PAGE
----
10 ways to bolster healthcare data security

In light of the recent cyberattack on Franklin, Tenn.-based Community Health Systems, the issue of cybersecurity is at the forefront of the healthcare industry.

Here are 10 ways to strengthen healthcare security, provided by InformationWeek.

1. Hire a chief security officer or someone solely dedicated to cybersecurity. Security infrastructure is very complex and it may be inadequate if another executive adds security duties to his or her responsibilities, suggests the report. Having a cybersecurity point person can help ensure someone is leading the security all the time. Alternatively, if hiring a C-suite executive is not feasible, organizations can hire a third-party firm specializing in healthcare security.

2. Give the CSO autonomy. A CSO needs sufficient power to solve the overarching issues they deal with. Having a CSO report to a CFO — as many organizations do — prioritize financial decisions over security ones, according to the report, which suggests CSOs should report to CEOs.

3. Take inventory of data and tools an organization owns. Having an itemized list of IT functions can help security professionals identify potential risks as well as the appropriate safeguards, according to the report.

4. Implement basic cybersecurity measures. Encrypt computers and choose secure passwords. It may be helpful to use automated tools to address and fix such basic errors.

5. Have regular meetings between CSOs and departments. Security experts can best tailor safeguards to departments and hospitals if they know the individual needs of the organization.

6. Turn security into a culture. Healthcare employees should internalize the need for such stringent security. At the same time, security processes should easily integrate into existing cultures and workflows.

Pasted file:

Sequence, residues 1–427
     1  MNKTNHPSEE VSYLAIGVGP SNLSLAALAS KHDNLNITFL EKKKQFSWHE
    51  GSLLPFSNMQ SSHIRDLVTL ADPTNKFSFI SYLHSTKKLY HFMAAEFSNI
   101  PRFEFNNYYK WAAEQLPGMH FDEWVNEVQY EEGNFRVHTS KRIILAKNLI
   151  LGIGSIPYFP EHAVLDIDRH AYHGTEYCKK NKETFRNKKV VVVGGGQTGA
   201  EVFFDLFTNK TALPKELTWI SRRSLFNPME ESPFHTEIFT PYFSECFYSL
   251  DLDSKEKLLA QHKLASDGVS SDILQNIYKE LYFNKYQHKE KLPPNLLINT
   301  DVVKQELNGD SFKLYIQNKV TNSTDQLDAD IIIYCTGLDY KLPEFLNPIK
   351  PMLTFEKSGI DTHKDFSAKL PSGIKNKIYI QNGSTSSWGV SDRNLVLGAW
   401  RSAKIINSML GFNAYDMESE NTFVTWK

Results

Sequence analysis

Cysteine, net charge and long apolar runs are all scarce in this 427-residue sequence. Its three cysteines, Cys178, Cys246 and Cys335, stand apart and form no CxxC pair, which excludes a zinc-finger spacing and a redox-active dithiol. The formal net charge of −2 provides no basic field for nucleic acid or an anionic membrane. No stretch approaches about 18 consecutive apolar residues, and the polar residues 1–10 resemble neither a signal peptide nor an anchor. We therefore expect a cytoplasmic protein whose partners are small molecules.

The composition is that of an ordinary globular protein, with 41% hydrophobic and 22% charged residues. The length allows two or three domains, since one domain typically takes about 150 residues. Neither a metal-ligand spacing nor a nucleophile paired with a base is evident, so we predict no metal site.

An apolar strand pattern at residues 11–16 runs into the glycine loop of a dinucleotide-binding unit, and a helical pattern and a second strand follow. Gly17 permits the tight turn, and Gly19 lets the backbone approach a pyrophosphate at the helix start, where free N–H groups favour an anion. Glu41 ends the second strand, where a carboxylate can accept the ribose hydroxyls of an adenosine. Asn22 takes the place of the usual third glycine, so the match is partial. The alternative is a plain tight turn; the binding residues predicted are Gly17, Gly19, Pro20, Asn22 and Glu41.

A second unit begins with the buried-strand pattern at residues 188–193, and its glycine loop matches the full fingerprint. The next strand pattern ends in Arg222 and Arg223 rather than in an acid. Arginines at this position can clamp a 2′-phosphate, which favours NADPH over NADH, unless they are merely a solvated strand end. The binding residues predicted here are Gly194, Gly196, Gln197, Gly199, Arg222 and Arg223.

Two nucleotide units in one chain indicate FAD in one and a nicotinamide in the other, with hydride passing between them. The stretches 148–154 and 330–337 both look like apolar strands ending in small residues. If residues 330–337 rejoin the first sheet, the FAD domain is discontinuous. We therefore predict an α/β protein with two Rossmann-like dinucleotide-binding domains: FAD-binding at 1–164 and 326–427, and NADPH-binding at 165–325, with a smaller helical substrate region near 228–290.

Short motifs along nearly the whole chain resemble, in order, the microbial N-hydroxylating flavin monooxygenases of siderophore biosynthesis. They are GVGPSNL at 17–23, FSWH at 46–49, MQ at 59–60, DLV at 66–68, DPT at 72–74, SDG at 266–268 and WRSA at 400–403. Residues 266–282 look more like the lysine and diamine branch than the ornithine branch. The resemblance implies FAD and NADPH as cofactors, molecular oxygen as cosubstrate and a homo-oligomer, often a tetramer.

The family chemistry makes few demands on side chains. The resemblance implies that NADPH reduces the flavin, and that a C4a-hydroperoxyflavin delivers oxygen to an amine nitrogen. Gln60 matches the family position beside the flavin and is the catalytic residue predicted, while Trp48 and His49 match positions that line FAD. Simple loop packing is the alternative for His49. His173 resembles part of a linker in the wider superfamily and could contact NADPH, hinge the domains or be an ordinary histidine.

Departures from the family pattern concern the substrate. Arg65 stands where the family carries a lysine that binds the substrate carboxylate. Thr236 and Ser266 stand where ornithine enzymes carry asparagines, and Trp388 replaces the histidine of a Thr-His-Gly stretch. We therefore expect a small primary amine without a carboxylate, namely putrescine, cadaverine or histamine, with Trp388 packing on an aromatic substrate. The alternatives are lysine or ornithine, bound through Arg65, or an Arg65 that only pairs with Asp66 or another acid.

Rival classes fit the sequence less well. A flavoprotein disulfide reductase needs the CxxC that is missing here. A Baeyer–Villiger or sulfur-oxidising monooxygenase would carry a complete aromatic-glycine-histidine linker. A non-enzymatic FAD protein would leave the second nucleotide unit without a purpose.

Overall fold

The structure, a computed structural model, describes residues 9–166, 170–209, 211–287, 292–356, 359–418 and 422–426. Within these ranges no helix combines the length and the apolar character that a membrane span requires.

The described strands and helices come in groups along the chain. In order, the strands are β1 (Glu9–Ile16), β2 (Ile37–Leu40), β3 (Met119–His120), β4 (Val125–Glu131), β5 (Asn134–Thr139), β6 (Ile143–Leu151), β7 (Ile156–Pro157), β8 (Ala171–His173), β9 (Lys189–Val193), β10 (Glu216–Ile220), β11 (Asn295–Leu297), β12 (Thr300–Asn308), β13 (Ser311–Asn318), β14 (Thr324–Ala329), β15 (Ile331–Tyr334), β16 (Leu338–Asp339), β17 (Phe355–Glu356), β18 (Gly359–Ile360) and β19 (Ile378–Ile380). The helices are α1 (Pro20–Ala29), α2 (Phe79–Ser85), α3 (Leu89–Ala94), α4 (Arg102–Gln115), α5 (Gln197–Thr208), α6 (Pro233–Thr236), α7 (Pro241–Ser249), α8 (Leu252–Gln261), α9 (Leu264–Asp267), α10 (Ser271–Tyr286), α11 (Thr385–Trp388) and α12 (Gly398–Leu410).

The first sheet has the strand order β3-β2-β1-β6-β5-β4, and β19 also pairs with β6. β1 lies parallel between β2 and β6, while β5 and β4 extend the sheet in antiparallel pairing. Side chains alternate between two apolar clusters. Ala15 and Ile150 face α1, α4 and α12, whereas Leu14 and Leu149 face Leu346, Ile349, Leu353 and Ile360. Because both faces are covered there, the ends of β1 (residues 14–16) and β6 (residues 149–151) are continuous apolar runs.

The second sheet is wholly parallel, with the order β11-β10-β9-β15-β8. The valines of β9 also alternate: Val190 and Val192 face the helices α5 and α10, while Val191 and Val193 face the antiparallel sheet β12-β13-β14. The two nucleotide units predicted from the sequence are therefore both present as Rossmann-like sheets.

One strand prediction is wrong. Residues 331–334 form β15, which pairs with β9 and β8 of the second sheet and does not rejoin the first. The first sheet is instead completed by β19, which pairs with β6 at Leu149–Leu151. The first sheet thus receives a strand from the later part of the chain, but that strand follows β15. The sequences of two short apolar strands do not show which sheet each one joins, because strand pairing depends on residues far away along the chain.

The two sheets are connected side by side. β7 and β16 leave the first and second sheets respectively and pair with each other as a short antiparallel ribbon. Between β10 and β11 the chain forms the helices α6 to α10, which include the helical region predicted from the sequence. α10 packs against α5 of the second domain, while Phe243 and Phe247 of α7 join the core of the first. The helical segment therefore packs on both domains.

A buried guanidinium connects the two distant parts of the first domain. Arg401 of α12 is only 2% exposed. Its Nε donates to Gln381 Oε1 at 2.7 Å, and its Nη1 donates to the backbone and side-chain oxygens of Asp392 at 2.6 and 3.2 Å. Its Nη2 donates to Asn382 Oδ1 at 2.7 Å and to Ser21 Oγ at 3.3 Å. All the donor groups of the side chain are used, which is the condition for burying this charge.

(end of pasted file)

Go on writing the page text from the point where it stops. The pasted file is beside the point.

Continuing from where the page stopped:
7. Partner with the government. The federal government may be able to provide the public healthcare sector with information more quickly and better respond to threats. However, healthcare organizations must also realize they can't exclusively rely on the government for information, as some data (i.e., Regarding national security) is classified.

8. Look to other industries. Healthcare organizations can look to best practices of other industries to identify ways to enhance their own cybersecurity.

9. Take precaution with bring-your-own-device policies. Organizations might benefit from a mobility usage policy outlining responsibilities, education and penalties for cybersecurity issues, according to the report. Certain software also can help protect data assets while physicians use their own devices. The report also suggests CSOs create an internal app store with pre-approved apps for both work and entertainment.

10. Secure the wireless network. Organizations should implement automated procedures that update devices and their security, ensure new products are secured and ensure former employees no longer have access to data, networks or equipment, suggests the report.

More articles on cybersecurity:

FBI: Hackers are targeting healthcare organizations
AHA releases cybersecurity resource for hospital boards
Costs of 3 security-related IT incidents

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